Published on October 29th, 2018 | by Joshua S Hill0
Could Energy Efficiency Be The “Cornerstone” For A Sustainable Energy System?
October 29th, 2018 by Joshua S Hill
The International Energy Agency has claimed that a string of the right energy efficiency policies implemented around the globe could, on its own, result in the peaking of greenhouse gas emissions followed quickly by a global decline even as the global economy doubles.
Writing in a report earlier this month, entitled Energy Efficiency 2018, the International Energy Agency (IEA) examined the global opportunities for improving energy efficiency through to 2040 and found that gains in energy efficiency would allow the world’s economies to extract twice as much economic value from the energy it produces and uses than it does today. Specifically, the IEA claims that such a move would reduce energy bills for consumers by more than $500 billion per year, decrease energy imports, and reduce air pollution in cities.
Currently, however, there is a battle going on between explosive increasing energy demand and steadily increasing energy efficiency. According to the report, global energy demand grew by 2% in 2017 after two years of low growth, while global energy intensity only fell by 1.7%, the smallest annual improvement this decade. But the report is quick to note that “demand would be much higher if not for progress on energy efficiency.” Specifically, according to the IEA, improvements in energy efficiency in the world’s major economies since 2000 have “offset more than one-third of the increase in energy-using activities.” Globally, improvements in energy efficiency since 2000 have offset 12% of energy use.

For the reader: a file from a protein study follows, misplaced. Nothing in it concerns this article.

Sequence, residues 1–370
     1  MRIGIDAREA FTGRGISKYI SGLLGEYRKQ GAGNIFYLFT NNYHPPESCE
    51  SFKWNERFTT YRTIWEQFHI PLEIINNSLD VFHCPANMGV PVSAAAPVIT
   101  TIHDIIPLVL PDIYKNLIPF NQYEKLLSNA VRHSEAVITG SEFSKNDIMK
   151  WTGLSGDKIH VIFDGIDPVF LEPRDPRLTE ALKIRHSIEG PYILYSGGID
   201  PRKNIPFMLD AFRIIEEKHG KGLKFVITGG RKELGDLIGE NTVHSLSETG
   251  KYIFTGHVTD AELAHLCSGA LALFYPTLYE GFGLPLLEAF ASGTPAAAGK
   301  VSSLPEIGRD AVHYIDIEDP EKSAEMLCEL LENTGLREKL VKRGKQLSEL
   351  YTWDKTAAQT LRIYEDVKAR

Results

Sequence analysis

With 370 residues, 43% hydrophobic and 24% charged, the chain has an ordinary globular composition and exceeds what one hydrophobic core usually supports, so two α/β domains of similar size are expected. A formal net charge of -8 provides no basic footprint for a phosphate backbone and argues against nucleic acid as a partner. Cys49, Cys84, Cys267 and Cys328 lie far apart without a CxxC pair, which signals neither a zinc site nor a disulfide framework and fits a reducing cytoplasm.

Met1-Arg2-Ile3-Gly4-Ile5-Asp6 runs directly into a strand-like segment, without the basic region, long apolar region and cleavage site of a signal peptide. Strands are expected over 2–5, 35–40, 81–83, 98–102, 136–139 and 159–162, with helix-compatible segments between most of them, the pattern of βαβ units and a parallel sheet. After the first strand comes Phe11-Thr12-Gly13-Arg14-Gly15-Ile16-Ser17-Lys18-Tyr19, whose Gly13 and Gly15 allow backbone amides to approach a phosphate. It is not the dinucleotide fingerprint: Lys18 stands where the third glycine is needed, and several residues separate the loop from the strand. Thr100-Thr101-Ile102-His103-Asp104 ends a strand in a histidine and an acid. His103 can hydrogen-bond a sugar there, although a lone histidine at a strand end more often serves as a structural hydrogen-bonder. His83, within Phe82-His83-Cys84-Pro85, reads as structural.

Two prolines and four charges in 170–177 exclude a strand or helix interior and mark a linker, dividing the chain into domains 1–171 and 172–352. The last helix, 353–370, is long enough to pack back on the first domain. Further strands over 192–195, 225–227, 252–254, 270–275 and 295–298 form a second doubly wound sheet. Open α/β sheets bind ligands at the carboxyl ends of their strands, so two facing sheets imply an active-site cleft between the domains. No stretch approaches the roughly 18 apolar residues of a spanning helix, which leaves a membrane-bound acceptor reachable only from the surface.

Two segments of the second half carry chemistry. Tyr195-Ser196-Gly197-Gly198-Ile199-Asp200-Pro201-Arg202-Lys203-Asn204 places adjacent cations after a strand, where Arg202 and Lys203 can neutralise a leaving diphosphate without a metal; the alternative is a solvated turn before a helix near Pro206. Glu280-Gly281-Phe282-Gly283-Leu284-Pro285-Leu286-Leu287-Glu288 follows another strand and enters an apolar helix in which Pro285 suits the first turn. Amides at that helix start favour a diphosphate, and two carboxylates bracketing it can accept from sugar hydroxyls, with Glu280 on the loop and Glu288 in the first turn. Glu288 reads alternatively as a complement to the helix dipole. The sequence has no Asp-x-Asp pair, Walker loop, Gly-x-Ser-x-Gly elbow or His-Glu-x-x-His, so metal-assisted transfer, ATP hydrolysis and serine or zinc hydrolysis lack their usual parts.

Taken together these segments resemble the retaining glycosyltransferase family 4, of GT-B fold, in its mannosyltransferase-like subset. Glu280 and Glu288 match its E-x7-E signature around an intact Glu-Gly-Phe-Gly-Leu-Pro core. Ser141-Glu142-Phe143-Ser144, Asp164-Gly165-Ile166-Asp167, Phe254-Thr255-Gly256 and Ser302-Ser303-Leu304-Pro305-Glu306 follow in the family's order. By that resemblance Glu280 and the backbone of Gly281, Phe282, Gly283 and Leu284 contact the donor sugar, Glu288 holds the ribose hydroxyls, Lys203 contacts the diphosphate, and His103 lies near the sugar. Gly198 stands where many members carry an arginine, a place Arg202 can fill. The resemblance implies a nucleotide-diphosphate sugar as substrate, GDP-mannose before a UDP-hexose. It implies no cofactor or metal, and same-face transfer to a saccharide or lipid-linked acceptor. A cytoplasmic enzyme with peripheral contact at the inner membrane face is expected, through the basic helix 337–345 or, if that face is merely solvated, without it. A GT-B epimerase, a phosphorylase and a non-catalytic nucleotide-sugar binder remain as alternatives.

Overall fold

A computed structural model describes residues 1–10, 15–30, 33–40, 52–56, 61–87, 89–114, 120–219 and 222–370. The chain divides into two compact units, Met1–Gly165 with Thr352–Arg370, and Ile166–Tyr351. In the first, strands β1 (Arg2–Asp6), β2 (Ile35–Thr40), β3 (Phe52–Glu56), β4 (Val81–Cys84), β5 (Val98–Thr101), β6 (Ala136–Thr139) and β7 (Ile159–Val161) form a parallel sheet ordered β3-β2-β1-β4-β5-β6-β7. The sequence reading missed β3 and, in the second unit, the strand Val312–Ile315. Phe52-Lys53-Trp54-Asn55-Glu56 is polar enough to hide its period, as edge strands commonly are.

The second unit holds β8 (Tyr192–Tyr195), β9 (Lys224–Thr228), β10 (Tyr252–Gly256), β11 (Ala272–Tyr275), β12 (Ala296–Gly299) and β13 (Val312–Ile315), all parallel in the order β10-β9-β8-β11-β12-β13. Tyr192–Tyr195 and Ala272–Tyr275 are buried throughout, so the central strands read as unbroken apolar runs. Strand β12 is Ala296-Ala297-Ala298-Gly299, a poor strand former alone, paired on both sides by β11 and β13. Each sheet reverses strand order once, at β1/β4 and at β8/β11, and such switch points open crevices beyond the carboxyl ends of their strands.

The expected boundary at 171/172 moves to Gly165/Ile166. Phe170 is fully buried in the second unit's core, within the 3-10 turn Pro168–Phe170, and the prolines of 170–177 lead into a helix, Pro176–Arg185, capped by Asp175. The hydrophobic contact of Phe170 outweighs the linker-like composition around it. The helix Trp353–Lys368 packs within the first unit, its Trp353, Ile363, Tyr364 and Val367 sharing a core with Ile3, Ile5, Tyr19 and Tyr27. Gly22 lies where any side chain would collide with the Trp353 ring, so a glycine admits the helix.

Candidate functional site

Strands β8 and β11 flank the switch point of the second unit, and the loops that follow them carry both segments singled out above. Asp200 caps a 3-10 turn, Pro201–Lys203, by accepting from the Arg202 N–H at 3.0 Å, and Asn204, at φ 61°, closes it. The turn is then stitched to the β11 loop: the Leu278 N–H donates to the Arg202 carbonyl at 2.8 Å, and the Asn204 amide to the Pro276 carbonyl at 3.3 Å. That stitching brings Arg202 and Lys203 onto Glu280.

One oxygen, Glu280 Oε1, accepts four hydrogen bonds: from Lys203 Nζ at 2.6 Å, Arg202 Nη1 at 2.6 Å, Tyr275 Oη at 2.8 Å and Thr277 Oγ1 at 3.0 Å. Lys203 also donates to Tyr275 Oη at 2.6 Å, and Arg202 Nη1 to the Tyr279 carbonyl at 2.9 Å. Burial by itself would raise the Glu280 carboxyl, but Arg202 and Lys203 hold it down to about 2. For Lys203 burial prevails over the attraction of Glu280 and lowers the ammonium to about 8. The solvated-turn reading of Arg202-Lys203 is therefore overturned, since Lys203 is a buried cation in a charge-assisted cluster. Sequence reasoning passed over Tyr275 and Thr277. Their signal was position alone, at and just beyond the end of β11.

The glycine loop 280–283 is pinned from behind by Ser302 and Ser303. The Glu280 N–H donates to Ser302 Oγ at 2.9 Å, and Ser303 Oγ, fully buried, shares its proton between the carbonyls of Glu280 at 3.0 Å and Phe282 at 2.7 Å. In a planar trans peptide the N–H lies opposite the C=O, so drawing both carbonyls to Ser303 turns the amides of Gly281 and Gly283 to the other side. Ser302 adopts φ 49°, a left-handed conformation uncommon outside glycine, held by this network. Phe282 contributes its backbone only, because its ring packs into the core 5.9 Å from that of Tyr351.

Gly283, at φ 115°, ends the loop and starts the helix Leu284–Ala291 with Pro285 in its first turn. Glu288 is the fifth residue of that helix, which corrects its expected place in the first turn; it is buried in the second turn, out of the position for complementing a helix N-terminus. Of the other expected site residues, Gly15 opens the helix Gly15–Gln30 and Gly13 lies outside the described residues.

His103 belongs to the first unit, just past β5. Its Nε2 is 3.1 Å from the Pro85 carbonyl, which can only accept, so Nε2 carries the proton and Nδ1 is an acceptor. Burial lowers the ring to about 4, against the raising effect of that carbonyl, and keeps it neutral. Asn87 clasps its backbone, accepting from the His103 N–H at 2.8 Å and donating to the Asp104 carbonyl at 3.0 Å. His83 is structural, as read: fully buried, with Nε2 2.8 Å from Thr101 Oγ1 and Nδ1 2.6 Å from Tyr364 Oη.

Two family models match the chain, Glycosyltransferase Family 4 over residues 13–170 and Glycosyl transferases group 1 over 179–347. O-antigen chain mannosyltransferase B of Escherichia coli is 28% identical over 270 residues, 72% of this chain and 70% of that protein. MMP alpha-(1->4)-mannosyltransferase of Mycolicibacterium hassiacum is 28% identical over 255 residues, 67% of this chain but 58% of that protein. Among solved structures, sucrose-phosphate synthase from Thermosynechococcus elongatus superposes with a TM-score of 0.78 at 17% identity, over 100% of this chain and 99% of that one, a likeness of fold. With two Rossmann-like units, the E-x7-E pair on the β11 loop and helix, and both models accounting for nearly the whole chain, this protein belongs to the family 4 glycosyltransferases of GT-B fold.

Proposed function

The report doubles-down on the ‘Efficient World Scenario’ (EWS) which was developed for the IEA’s World Energy Outlook report and which envisages 60% more building space, 20% more people, and double global GDP, but with energy efficiency measures implemented only uses marginally more energy than today, and cuts greenhouse gas emissions by 12% after it peaks before 2020. All that is required is that “all available energy efficiency measures” are implemented “between now and 2040.”
“While various countries are endowed with different energy resources – whether it’s oil, gas, wind, solar or hydropower – every single country has energy efficiency potential,” said Dr Fatih Birol, the IEA’s Executive Director. “Efficiency can enable economic growth, reduce emissions and improve energy security. Our study shows that the right efficiency policies could alone enable the world to achieve more than 40% of the emissions cuts needed to reach its climate goals without requiring new technology. Thanks to the critical importance of energy efficiency in building a secure and sustainable future, the IEA considers it the ‘first fuel’ and facilitates the exchange of best practices among advanced and emerging economies.”
The required measures include everything from increasing the efficiency of cars and trucks as well as implementing the right policies for air conditioners.
“The IEA is working actively with Governments across the world to enact the right policies for enhancing energy efficiency,” said Dr Birol. “We know there is an appetite for focused solutions, and this is what the ‘Efficient World Strategy’ offers. We look forward to working with countries to deliver the benefits of energy efficiency, and we call on governments to prioritise the actions that can help them meet their energy and climate goals.”